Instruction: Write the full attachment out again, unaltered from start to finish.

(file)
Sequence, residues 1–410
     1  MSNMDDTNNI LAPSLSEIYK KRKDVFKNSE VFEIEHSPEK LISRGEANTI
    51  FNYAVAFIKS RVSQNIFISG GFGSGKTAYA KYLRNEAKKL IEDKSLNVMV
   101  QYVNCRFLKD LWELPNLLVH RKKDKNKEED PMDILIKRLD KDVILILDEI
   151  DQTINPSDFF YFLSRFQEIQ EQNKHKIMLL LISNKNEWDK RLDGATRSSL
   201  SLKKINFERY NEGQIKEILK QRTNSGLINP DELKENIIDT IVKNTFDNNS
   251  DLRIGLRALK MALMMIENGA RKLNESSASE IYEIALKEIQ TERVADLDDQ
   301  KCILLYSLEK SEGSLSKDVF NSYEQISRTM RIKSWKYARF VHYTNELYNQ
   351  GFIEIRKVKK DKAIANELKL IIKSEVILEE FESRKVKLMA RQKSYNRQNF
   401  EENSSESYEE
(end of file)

Sequence, residues 1–410
     1  MSNMDDTNNI LAPSLSEIYK KRKDVFKNSE VFEIEHSPEK LISRGEANTI
    51  FNYAVAFIKS RVSQNIFISG GFGSGKTAYA KYLRNEAKKL IEDKSLNVMV
   101  QYVNCRFLKD LWELPNLLVH RKKDKNKEED PMDILIKRLD KDVILILDEI
   151  DQTINPSDFF YFLSRFQEIQ EQNKHKIMLL LISNKNEWDK RLDGATRSSL
   201  SLKKINFERY NEGQIKEILK QRTNSGLINP DELKENIIDT IVKNTFDNNS
   251  DLRIGLRALK MALMMIENGA RKLNESSASE IYEIALKEIQ TERVADLDDQ
   301  KCILLYSLEK SEGSLSKDVF NSYEQISRTM RIKSWKYARF VHYTNELYNQ
   351  GFIEIRKVKK DKAIANELKL IIKSEVILEE FESRKVKLMA RQKSYNRQNF
   401  EENSSESYEE